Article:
- The Washington Times - Tuesday, December 27, 2005

Bo’s ‘Real’ debut

Second place isn’t the worst place to be for “American Idol” contestants.

Famous “AI” runner-up Clay Aiken rode his underdog status to a hit-making career, and now singer Bo Bice is hoping to do the same.

Mr. Bice, he of the long, flowing hair, released his debut disc last week, Associated Press reports.

“I’m obviously very excited about the album, to see what people think of it,” Mr. Bice, 30, told the Birmingham News. “I had quite a bit of creative control, and I was extremely pleased with that. I had a lot of input.”

Two of 11 tracks on the album, called “The Real Thing,” were co-written by Mr. Bice, and one, “Valley of Angels,” is a ballad he wrote several years ago that was given a new instrumental bridge by producer Cliff Magness.

“‘Valley of Angels’ is about the idea that things aren’t perfect,” Mr. Bice said. “Everyone fumbles and falls and makes mistakes. When you’re down, you might not feel there’s any place of serenity you can find. It’s about finding peace.”

Mr. Bice finished second on the TV show’s fourth season.

“American Idol” returns to Fox Jan. 17.

Letterman unrestrained

A state judge has lifted a restraining order granted to a Santa Fe, N.M., woman who claimed talk-show host David Letterman used coded words on his show declaring his love for her and wish to make her his co-host, Associated Press reports.

Judge Daniel Sanchez granted a request by lawyers for Mr. Letterman yesterday to quash the temporary restraining order that he earlier granted to Colleen Nestler.

She alleged in a request filed Dec. 15 that Mr. Letterman has forced her to go bankrupt and caused her “mental cruelty” and “sleep deprivation” since May 1994.

Miss Nestler requested that Mr. Letterman, who tapes his show in New York, stay at least three yards away and not “think of me, and release me from his mental harassment and hammering.”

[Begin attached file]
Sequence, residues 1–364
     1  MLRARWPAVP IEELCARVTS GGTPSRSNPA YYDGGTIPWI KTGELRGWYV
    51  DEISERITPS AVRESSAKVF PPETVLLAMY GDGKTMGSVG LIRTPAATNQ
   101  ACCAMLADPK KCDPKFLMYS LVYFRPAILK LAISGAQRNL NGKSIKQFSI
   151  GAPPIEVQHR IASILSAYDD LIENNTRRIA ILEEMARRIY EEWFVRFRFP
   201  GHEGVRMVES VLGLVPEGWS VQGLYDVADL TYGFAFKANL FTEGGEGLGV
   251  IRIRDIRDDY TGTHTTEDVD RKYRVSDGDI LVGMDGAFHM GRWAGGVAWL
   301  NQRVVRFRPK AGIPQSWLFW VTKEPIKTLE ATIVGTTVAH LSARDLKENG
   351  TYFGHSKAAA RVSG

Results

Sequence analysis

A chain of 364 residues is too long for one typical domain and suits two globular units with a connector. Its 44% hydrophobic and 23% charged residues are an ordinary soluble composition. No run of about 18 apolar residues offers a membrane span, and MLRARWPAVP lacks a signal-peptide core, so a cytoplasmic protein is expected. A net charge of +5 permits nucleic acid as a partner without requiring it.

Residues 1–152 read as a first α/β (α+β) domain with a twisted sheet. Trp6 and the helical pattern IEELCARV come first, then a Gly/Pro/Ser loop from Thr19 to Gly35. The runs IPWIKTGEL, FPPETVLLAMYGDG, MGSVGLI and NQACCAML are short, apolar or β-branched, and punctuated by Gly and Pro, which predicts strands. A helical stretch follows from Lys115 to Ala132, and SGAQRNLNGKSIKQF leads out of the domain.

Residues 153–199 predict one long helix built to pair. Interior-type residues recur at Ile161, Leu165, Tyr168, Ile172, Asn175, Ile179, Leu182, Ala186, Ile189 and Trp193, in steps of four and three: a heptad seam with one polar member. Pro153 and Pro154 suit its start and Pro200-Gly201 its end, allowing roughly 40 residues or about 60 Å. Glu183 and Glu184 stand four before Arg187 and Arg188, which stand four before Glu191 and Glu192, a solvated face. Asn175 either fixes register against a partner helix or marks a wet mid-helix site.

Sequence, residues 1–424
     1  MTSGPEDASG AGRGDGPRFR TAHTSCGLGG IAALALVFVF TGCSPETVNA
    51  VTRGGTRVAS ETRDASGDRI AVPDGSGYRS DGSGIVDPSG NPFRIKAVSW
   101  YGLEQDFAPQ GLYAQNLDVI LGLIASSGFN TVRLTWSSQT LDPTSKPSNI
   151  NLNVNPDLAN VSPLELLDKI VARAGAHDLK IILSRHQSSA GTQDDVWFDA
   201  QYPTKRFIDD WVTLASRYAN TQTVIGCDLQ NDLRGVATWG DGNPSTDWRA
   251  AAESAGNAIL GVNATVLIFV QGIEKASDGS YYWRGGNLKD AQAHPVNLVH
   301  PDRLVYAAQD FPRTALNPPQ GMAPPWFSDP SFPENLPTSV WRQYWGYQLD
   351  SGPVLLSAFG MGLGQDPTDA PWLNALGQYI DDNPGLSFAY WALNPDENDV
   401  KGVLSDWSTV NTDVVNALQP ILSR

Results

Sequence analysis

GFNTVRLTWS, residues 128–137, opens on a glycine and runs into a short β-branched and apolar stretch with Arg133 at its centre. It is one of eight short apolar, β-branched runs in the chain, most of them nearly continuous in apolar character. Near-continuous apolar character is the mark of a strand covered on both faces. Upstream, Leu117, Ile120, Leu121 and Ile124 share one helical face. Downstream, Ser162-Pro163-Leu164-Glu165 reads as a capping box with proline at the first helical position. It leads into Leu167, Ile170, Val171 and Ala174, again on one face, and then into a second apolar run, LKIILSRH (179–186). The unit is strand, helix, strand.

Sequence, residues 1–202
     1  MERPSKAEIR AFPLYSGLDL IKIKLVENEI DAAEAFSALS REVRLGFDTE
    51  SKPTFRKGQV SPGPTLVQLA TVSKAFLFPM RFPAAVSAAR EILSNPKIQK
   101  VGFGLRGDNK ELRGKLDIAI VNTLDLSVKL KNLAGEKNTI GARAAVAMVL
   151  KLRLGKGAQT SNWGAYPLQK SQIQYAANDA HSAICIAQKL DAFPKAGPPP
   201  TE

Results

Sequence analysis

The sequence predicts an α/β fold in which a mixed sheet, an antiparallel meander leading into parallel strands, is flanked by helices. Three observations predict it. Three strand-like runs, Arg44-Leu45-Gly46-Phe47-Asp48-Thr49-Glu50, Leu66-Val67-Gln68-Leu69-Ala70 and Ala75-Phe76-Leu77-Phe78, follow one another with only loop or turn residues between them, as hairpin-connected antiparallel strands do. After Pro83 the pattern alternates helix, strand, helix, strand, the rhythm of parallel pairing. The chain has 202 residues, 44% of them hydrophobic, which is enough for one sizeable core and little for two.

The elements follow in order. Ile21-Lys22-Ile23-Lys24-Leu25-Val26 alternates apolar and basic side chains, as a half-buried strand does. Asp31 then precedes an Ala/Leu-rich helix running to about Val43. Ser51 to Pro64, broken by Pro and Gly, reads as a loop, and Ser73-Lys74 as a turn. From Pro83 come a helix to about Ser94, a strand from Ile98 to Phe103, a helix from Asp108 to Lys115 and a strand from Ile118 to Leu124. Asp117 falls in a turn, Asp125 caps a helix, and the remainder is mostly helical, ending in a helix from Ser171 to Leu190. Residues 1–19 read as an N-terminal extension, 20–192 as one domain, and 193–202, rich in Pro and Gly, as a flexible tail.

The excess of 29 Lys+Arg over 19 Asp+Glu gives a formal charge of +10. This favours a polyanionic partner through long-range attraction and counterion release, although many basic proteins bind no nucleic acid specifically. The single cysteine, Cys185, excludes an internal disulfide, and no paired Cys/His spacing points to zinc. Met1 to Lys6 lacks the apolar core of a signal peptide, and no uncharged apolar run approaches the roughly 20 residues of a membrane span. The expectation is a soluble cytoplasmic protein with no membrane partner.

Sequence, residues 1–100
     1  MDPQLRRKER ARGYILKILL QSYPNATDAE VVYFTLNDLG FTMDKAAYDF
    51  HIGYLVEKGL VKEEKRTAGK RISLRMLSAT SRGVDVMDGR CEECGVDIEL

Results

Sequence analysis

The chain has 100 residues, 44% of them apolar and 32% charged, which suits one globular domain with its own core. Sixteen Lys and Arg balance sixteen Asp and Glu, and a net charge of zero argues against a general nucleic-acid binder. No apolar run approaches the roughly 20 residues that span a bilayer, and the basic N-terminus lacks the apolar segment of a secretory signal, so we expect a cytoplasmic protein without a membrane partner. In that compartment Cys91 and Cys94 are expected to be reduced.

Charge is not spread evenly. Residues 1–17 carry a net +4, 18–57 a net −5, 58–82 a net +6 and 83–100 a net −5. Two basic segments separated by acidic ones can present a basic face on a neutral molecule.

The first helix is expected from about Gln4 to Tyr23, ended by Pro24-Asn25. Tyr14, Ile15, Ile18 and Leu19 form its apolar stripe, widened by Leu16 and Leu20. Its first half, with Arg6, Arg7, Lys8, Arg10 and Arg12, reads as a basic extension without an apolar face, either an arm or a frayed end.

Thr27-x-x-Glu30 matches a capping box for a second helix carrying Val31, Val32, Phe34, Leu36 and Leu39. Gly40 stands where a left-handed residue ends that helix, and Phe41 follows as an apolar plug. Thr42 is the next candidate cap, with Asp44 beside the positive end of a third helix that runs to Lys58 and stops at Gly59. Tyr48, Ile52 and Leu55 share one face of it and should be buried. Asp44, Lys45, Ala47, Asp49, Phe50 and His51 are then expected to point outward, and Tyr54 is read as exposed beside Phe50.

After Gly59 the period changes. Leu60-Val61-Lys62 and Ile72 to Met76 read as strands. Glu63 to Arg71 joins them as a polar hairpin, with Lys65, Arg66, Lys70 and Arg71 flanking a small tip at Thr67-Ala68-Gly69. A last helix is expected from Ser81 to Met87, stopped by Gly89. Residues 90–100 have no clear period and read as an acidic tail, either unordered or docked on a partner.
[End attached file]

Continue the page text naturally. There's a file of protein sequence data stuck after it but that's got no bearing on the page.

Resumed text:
Lawyers for Mr. Letterman contended the order was without merit.

Miss Nestler appeared in court without a lawyer and represented herself.

Responding to a question from the judge, Miss Nestler said she had no proof of the allegations she had made against Mr. Letterman. She also said that if Mr. Letterman or any of his representatives came near her, “I will break their legs” and establish proof of her allegations.

Miss Nestler said after the court hearing that “I have achieved my purpose. The public knows that this man cannot come near me.”

She also said that her comment about breaking legs “is not a threat.”

Penny’s pitch

Veteran filmmaker Penny Marshall, better known to many as Laverne from “Laverne & Shirley,” is developing a one-hour crime drama for UPN, the Reuters news agency reports.

“On the Edge,” which has received a script commitment from the network, centers on a young female assistant district attorney trying to discover who murdered her parents while struggling with her alter ego bent on returning her to a life of drugs and alcohol.

Miss Marshall, who also helmed “A League of Their Own,” may direct the pilot.

Also onboard as executive producers, along with Miss Marshall, are Michael Gleason, who co-created the 1980s series “Remington Steele,” and Alan Moskowitz, a writer/producer on the early-‘90s TV series “Harry and the Hendersons.”

Miss Marshall’s other directorial credits include “Awakenings” and “Riding in Cars With Boys.” She can next be seen in a small, humorous role playing herself in Albert Brooks’ “Looking for Comedy in the Muslim World.”

Compiled by Christian Toto from staff and wire reports.

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